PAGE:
POETRY:WITH PLAIN-SPOKEN, scrupulous exactitude Patrick Deeley attends on "grounded things". Kin to Kavanagh and Heaney, he's a cartographer of his own known, loved space, his poems gleaming with place names and local knowledge.
A philosopher of the near-at-hand natural world, his work contains touches of Wordsworth, too, in his reckoning of the glamour and grief, the terrors as well as the joys of a nature that "happens/ too hugely for any containment", while a haiku series called Basho on the Doddersignals another informing influence.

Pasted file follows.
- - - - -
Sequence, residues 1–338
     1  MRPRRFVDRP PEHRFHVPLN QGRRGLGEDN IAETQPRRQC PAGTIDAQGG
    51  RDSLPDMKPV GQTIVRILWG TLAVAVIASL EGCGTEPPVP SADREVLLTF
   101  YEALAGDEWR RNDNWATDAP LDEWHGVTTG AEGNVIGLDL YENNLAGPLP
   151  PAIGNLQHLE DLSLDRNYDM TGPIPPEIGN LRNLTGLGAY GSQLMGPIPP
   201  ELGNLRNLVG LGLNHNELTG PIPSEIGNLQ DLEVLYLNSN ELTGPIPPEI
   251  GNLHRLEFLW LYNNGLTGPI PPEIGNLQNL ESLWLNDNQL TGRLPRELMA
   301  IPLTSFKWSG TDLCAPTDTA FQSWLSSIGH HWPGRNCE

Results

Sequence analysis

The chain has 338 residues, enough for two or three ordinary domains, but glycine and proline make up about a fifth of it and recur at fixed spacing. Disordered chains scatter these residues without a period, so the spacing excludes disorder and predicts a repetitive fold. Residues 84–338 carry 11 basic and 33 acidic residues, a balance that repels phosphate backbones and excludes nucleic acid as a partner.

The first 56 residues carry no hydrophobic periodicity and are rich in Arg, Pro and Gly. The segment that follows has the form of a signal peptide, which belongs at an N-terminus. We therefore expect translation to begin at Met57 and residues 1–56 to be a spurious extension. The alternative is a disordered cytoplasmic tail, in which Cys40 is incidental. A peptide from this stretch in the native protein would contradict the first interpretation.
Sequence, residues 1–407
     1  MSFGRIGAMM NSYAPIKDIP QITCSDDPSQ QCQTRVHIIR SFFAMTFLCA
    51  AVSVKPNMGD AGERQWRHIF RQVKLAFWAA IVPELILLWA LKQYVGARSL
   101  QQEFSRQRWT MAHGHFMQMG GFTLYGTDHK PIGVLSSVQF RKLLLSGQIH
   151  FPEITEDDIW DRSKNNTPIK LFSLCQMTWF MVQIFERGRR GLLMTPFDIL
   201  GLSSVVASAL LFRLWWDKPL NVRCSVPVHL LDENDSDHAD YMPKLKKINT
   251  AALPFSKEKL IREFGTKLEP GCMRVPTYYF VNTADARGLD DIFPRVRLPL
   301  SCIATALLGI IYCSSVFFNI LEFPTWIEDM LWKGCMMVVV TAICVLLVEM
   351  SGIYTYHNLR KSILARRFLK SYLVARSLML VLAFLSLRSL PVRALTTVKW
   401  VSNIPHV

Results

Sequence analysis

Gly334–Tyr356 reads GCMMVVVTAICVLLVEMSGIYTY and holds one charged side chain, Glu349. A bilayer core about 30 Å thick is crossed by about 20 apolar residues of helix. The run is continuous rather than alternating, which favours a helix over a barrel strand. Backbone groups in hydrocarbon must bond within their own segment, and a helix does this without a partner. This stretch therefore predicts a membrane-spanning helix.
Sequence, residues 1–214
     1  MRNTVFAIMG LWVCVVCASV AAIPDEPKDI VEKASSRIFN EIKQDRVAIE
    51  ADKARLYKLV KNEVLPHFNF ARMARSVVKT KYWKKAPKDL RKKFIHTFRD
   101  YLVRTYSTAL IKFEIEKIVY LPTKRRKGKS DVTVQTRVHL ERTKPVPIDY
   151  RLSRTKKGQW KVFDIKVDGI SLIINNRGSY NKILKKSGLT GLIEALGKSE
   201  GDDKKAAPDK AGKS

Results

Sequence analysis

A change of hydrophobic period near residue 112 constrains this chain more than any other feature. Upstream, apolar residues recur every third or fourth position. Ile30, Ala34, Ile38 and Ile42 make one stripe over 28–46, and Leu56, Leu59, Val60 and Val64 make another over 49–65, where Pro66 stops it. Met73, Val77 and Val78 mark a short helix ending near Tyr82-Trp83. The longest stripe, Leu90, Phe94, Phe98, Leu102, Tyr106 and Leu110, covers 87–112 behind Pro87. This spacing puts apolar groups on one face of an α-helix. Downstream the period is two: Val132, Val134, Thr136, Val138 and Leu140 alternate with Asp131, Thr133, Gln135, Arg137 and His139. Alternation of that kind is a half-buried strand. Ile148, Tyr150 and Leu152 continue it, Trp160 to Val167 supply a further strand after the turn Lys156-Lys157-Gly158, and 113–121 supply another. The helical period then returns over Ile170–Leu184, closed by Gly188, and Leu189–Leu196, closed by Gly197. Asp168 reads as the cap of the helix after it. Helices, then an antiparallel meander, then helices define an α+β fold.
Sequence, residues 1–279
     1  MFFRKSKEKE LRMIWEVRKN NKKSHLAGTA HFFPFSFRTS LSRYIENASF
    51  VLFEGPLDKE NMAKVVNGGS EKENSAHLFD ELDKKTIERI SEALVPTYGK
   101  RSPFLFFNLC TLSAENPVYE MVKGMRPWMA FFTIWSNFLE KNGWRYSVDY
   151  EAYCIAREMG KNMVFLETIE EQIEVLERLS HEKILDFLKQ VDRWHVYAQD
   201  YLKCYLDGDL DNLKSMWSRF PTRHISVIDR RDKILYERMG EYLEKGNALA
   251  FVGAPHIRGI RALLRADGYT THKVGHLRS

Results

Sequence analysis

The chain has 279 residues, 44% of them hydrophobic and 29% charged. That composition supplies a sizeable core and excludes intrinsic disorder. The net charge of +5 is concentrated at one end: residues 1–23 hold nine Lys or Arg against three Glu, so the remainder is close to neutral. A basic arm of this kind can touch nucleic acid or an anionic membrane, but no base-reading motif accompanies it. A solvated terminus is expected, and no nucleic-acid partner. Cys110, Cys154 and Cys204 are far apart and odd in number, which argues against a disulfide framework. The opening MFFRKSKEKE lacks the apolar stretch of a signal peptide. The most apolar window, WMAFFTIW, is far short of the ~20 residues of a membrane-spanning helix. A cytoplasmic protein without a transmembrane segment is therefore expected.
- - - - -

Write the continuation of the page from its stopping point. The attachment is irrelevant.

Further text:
For me, his strongest poems (including Keaveney's Well, A Burrishoole Gate, Callows Water Barrel, Capstone, as well as the wonderfully odoriferous Marl Excavations, and the elegiac Foxhall Sunset) are those in which he exercises a sensuously immediate descriptive power allied to some particularly inflected human awareness, carrying all off in rhythmically satisfying free verse lines or stanzas. He does this in the lovely Species, for example - where an innocent immersion in the natural gains a rhythmic velocity that testifies to its unforced truth, a truth that manages to incorporate a memory of a father's childhood presence, and to "lead him by his grainy/ fertilizer hand to stoop with me there,/ over wonders of cuckoo spit,/ spider and cowslip, on a headland". And he does it again in Pieceworkwhere his profound feeling for the natural (mushroom picking) is fused to a warmly sympathetic understanding of a changed Ireland.